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  (Source: OLIVER LANG/Getty Images )
Annual salary for Mayer is $1 million

Many people believe Yahoo is on a continued downward spiral. The once massive web portal and search engine has been overshadowed by Google and has gone through a series of different CEOs in a relatively short period of time. So far, no one seems to be able to pull Yahoo out of the ditch.
Recently, Yahoo chose Marissa Mayer as its new CEO. Mayer was employee number 20 for Google and held a high position within the search giant. Many were likely wondering what exactly Yahoo offered Mayer to lure her away from her cushy and secure job with Google to the decisively unknown realm of Yahoo.
A regulatory filing presented by Yahoo yesterday outlines Mayer's new compensation package, and it's huge. Undoubtedly, the massive $70 million package was a large part of the reason Mayer left Google and went to Yahoo. The compensation package works out to $70 million in salary, bonuses, restricted stock, and stock options over the next five years. The new CEOs annual salary is $1 million and she can earn as much as $2 million in annual bonus.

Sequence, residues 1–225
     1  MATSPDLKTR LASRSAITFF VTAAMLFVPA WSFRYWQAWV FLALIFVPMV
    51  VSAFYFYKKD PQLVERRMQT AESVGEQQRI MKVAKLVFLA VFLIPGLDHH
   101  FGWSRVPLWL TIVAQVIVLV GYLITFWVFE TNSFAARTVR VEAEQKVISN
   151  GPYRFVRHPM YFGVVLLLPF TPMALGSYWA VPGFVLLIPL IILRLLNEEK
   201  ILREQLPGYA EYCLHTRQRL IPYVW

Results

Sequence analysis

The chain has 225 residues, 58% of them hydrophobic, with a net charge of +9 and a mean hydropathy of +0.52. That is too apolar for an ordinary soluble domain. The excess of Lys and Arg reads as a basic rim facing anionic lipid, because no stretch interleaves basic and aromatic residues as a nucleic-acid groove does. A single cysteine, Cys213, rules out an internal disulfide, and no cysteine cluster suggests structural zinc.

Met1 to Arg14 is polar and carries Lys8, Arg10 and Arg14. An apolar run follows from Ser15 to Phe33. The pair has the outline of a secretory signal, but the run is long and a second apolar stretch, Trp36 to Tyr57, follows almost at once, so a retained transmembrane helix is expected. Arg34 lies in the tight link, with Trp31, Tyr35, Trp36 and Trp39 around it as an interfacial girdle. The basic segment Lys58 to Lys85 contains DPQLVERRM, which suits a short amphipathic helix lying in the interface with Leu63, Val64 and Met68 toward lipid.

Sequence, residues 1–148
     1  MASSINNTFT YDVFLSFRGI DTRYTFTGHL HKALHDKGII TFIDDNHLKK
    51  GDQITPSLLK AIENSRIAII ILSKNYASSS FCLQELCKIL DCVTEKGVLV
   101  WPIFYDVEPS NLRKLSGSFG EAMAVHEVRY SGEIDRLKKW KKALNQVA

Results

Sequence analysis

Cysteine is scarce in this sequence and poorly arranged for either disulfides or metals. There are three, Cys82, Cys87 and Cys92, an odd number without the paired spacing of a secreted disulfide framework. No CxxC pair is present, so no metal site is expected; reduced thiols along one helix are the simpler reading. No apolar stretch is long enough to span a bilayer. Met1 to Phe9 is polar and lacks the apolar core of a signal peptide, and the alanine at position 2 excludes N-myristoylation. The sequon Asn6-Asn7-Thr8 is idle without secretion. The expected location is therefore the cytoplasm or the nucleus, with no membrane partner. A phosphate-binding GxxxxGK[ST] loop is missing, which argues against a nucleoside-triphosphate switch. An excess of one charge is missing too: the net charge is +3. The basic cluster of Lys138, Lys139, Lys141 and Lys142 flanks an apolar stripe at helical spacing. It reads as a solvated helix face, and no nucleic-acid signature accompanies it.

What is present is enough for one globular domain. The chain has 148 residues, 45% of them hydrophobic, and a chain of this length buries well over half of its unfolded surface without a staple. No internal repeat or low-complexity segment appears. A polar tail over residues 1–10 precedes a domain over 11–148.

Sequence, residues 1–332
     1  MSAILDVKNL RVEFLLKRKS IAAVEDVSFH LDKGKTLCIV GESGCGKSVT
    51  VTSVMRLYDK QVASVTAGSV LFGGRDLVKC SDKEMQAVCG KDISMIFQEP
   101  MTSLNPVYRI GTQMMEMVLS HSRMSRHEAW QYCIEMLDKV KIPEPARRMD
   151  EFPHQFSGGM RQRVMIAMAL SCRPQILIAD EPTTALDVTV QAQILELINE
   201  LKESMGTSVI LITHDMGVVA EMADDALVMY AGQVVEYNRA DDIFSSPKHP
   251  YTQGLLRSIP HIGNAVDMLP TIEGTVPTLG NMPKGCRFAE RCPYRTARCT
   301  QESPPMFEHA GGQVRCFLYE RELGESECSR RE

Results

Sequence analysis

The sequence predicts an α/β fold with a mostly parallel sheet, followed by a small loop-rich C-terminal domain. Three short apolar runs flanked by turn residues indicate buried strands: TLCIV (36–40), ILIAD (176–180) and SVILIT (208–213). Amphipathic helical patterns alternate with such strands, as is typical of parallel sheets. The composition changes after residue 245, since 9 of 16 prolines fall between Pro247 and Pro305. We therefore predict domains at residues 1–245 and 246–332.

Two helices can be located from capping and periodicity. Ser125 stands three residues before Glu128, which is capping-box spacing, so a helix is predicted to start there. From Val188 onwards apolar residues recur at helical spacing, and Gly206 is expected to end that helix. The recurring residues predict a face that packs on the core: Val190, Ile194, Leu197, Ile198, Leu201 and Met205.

The stocks options are worth $42 million and there's an additional $14 million in "make whole restricted options" that compensates Mayer for the forfeiture of compensation from Google. Reuters reports that if you include some of the stock grants Mayer could earn as much as $20 million a year or $100 million over the five-year term of her contract.
Mayer was the first female Google engineer and one of the company's earliest employees. She is already estimated to be worth as much as $300 million. Of course, if Yahoo continues its decline those stock options could be worth less than expected. 

Source: Reuters

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RE: Moronic Board
By EricMartello on 7/20/2012 8:01:59 PM , Rating: 2
I don't have a problem with CEOs earning what they're worth, but I think their compensation should be provided on a contingency based on the performance of the company they are directing, rather than a guaranteed amount that they get regardless of success or failure.

You could say that would limit the company's options for finding real talent, but in my experience people who know they're good are not going to back down from a challenge. It's the ones who "look good on paper" that want guaranteed compensation because they themselves are not confident in their ability to deliver any worthwhile results.

If you don't have anything to lose you'll make decisions differently than you would if your personal livelihood is on the line.

RE: Moronic Board
By MZperX on 7/23/2012 12:59:45 PM , Rating: 3
Stock options ARE performance based compensation. If the stock value keeps going down she will not be able to profit from it. (Unless she's allowed to short her stock options which would be obscene of course.)

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